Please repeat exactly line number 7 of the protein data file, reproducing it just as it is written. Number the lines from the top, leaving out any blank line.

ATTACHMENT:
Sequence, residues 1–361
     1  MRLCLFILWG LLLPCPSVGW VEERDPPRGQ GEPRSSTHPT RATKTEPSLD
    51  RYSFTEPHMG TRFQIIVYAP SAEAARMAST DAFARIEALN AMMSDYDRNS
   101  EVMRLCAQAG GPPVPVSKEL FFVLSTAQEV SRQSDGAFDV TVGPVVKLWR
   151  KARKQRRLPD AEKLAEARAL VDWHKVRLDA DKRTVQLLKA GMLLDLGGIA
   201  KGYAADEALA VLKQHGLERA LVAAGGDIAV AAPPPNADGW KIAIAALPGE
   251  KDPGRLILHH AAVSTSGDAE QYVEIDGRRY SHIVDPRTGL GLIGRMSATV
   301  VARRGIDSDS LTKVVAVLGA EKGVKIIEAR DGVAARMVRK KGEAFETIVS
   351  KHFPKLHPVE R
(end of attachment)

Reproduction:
   251  KDPGRLILHH AAVSTSGDAE QYVEIDGRRY SHIVDPRTGL GLIGRMSATV